Pastel colors can be blended together but they don't mix nearly as well as paint. To compensate for this, pastel manufacturers offer a huge range of colors.
One of my abstract works in pastels
Pastels can be purchased in sets or individually. If you're just starting out you first need to choose which type of pastels you want to buy. If you're not sure, start off by buying your pastels individually which will keep costs down. Once you know which type you really want to invest in, you can think about buying a set containing a good starter palette of colors or you can select your own custom range of colors.
Some artists' colors are more expensive than others because certain pigments are rare or expensive to mine. Students' quality pastels may contain stand-in pigments which mimic the color of costlier natural pigments. If a cheaper pigment is used as a subsitute it will have the word "hue" after the pigment name.
When using soft pastels you need to be mindful that they often deposit fine dust into the air which you can easily inhale into your lungs. There are now non-toxic pastels availble, but it's wise to take steps to avoid breathing in pastel dust.
Some artists wear face masks, but I find them very uncomfortable. When the weather permits I like to work outside. Failing that, I'll work in a well ventilated room. I recently purchased an air purifier which makes pastel painting safer (and also relieves my husband's allergies).
There are four main types of pastels: soft, hard, pencil and oil. They are all essentially pigment in stick form, but they differ in how they're bound together. Soft pastels, hard pastels, and pastel pencils are all bound with a gum or resin binder which means that they're compatible with one another and can be used on the same painting or drawing.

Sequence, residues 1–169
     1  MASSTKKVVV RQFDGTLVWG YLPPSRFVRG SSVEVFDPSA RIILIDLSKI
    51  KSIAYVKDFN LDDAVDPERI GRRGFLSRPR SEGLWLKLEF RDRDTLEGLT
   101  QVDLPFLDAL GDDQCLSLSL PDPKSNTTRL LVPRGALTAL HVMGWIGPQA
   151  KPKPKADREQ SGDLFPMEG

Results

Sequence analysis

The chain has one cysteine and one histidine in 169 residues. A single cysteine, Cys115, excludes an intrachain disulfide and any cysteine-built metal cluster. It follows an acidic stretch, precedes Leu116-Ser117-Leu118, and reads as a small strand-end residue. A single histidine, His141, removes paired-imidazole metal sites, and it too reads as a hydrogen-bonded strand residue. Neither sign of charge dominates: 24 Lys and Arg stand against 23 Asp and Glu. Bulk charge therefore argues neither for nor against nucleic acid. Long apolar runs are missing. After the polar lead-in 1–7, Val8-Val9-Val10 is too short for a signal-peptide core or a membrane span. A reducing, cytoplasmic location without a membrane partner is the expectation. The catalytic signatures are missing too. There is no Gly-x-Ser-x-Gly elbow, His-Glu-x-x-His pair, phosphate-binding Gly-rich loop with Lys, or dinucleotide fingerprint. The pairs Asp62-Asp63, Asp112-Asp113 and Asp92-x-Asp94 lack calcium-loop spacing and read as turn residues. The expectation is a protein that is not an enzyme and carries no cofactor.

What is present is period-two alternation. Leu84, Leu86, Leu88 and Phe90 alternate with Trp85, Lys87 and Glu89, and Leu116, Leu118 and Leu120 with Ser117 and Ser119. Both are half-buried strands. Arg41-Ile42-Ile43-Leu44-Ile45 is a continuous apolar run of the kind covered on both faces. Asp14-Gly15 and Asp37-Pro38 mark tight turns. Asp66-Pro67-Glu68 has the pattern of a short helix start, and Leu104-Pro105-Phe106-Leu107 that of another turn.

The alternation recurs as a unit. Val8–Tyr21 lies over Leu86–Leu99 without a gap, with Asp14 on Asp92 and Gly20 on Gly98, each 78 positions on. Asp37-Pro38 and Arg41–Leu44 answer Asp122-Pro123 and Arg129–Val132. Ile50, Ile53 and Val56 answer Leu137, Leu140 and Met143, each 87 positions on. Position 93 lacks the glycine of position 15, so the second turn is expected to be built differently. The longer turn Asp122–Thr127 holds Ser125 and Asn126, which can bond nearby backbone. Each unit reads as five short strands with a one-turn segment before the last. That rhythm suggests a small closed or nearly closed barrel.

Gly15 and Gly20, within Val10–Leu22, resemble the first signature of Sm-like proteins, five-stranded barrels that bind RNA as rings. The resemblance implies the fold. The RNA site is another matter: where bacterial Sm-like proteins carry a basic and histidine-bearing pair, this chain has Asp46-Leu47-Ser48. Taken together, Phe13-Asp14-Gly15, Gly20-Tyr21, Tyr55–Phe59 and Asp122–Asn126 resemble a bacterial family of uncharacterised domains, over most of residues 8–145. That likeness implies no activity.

Oil pastels, on the other hand, are bound with oil and wax, which gives them a unique texture similar to oil paints, but it means they can't be mixed with the other pastel types. Let's take a closer look at each one:
Soft pastels are the traditional form of pastels and also the most used. They have a very high concentration of pigment that is held together by the least amount of gum binder as possible. As a result, they crumble very easily, but their colors are wonderfuly intense.
This fragile consistency and powdery texture makes them well suited to blending, layering on lots of color, and for painterly effects. You can also use the edges for fine lines, but most artists use hard pastels or pastel pencils for detail work and preliminary sketches.
Soft pastels come in a wide range of colors - more than other pastel types - with some manufactuers offering up to 500 colors! Soft pastels come in cylindrical sticks and a range of sizes: whole sticks, half sticks, and thick sticks. You can buy them individually, but if you're buying your first pastels it may be easier to buy a starter set with a balanced color palette that you can build on over time.